On today’s episode of the B&H Photography Podcast, we continue our exploration of photographic collaboration with photojournalists Ben Lowy and Marvi Lacar. In addition to sharing a vocation, they also share two children and a life together. Photojournalism is a decidedly independent, at times dangerous, career, certainly not one known for a routine home life, but when domestic responsibilities and children enter the picture, how does a couple balance craft and career with the need to earn a living and the time needed to nurture relationships? More so, when both people are working in the same field, how does bolstering one career cross the line into debilitating the other and how do the individuals comprising a creative couple find ways to support each other’s efforts? Lowy and Lacar bring an animated humor and a willingness to talk about the difficult moments from their lives and careers, and explain how they have come to recognize their best personal and professional attributes, bringing those strengths into a working relationship that continues to evolve. Guests: Marvi Lacar and Ben Lowy From the series "Melting Pot," Marvi Lacar From the series "Melting Pot," Marvi Lacar From the series "U.S. Bases," Marvi Lacar From the series "U.S. Bases," Marvi Lacar From “This Is a Love Story,” Marvi Lacar From “This Is a Love Story,” Marvi Lacar 2004 Democratic National Convention, Ben Lowy Protest at 2004 Republican National Convention, Ben Lowy Iraq Perspectives #1, Ben Lowy Iraq perspectives, #2, Ben Lowy Wounded soldier, Iraq, Ben Lowy Ski Jumper, Sochi, 2014, Ben Lowy Speed Skater, Sochi, 2014, Ben Lowy Great White Shark, 2016, Ben Lowy Seal, 2016, Ben Lowy Ben Lowy and Marvi Lacar at B&H Photography Podcast, John Harris Previous Pause Next DON'T MISS AN EPISODE SUBSCRIBE NOW:   Host: Allan Weitz Senior Creative Producer: John Harris Producer: Jason Tables Executive Producer: Lawrence Neves
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Posted 09/08/2017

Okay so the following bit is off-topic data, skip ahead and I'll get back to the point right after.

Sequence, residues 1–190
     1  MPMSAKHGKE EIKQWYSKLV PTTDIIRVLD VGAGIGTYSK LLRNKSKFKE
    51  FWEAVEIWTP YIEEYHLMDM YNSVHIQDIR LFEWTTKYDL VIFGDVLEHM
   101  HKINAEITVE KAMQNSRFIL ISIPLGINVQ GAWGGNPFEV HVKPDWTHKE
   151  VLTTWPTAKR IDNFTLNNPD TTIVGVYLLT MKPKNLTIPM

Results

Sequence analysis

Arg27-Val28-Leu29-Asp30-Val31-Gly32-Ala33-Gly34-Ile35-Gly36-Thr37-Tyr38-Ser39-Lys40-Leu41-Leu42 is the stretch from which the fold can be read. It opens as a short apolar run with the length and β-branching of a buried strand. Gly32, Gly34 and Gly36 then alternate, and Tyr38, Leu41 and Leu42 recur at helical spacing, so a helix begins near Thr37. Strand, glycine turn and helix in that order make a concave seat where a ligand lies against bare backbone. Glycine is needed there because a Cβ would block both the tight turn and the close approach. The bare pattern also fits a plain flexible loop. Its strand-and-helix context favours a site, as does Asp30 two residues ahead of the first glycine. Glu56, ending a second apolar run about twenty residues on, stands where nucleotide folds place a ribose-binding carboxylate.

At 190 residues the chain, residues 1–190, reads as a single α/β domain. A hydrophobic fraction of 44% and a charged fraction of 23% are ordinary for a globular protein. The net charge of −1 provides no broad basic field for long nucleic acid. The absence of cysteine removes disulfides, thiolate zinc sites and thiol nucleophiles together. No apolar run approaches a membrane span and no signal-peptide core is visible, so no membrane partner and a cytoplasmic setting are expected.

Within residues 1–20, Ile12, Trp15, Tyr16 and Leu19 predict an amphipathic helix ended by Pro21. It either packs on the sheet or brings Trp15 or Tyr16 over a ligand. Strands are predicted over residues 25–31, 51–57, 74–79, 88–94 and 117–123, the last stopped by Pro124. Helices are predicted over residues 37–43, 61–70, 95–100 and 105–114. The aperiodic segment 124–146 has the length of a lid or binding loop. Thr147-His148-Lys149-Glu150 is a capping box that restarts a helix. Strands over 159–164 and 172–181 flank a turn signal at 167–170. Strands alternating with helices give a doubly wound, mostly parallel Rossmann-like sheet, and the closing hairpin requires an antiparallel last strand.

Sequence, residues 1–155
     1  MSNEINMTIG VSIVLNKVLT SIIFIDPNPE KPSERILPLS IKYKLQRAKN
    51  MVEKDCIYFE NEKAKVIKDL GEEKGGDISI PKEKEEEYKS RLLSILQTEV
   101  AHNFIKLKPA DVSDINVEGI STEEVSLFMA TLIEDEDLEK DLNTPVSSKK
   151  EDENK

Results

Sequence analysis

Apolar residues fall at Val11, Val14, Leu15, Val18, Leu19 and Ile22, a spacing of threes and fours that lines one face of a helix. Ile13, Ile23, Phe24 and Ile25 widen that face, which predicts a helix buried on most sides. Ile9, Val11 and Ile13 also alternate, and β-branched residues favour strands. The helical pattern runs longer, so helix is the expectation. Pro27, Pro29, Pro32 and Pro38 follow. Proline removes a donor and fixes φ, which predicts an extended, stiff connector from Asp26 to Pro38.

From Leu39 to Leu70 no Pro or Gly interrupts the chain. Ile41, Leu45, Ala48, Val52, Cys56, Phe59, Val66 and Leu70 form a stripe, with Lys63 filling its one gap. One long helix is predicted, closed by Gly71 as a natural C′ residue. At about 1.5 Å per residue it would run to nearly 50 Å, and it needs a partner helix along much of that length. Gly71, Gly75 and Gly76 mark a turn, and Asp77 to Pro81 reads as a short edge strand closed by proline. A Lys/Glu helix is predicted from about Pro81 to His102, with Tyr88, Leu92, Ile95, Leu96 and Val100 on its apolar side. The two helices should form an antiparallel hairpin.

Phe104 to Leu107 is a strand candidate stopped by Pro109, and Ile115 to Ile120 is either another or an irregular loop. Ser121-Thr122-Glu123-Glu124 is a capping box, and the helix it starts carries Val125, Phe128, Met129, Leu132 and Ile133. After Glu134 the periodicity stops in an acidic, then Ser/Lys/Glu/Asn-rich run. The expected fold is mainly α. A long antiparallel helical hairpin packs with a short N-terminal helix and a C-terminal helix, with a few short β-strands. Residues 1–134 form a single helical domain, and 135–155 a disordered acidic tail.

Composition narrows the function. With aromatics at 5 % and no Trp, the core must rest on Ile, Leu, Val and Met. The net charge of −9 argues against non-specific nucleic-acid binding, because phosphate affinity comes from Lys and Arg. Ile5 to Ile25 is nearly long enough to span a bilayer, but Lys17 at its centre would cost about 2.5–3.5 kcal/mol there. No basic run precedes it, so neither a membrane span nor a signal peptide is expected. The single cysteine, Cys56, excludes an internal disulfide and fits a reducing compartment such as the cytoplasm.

The title “The Falling Man” has been acknowledged as the name of the photograph of a man falling from the north tower of the World Trade Center during the attacks of September 11, 2001. The image depicts a lone figure falling headfirst against the backdrop of the vertical lines of the twin towers. As an image, it is a striking composition and the casual position of the man’s body bisecting the two towers, has even been described as graceful. These visual elements mask the horror of its immediate context and perhaps add to the upsetting response that often accompanies this image. Unlike other photographs from that day, this image does not explicitly depict carnage and destruction, but it is this image that has been often singled-out as too disturbing to view, too galling to publish. In fact, the image was published by many newspapers on the day following the attacks and was received with such recoil that editors were called to apologize for its inclusion and almost immediately, it fell under a shroud of obscurity, which in the sixteen years since 9/11, has been slowly lifted. On today’s episode of the B&H Photography Podcast, we welcome veteran Associated Press photojournalist Richard Drew who took this now iconic photograph. We talk with Drew about his experiences on September 11, 2001, about media self-censorship and about how this photo, which is simultaneously peaceful and deeply painful, had been received, rejected and perhaps now, accepted as part of the whole story and a symbol of all that was lost that day. Guest: Richard Drew Editor’s Note: We have decided to not use “The Falling Man” photograph in our blog post because of its painful depiction, but we feel the conversation we hold has educational, emotional and historical value, especially as we approach the sixteenth anniversary of 9/11. We produced it and present it with the utmost of respect for those whose lives has been affected by the attacks of September 11, 2001, particularly the survivors, the victims and their families, the first-responders and the journalists, who also risked their lives that horrible morning. Assassination of Robert F. Kennedy, Los Angeles, 1968. Photograph: Richard Drew Assassination of Robert F. Kennedy, Los Angeles, 1968. Photograph: Richard Drew Muhammad Ali watches as defending world champion George Foreman goes down to the canvas in the eighth round of their WBA/WBC championship match in Kinshasa, Zaire, on October 30, 1974. (AP Photo/Richard Drew) Frank Sinatra escorts Jackie Onassis to the '21' Club on September 17, 1975 after she attended his concert at the Uris theater (AP Photo/Richard Drew) President Richard Nixon attends a baseball game at Yankee Stadium after his term in office (AP Photo/Richard Drew) Andy Warhol (AP Photo/Richard Drew) Texas billionaire Ross Perot laughs in response to reporters asking when he plans to formally enter the Presidential race. New York City, May 5, 1992 (AP Photo/Richard Drew) Britain’s Prince Charles, during a charity polo match in Mexico City’s Chapultepec Park. February 17, 1993 (AP Photo/Richard Drew) Cuban President Fidel Castro at a special commemorative meeting of the U.N. General Assembly, October 22, 1995. (AP Photo/Richard Drew) Specialist Anthony Rinaldi is reflected in a screen at his post on the floor of the New York Stock Exchange, April 19, 2017. (AP Photo/Richard Drew) Richard Drew at the B&H Photography Podcast. Photograph: John Harris Allan Weitz and Richard Drew. Photograph: John Harris Previous Pause Next DON'T MISS AN EPISODE SUBSCRIBE NOW:   Host: Allan Weitz Senior Creative Producer: John Harris Producer: Jason Tables Executive Producer: Lawrence Neves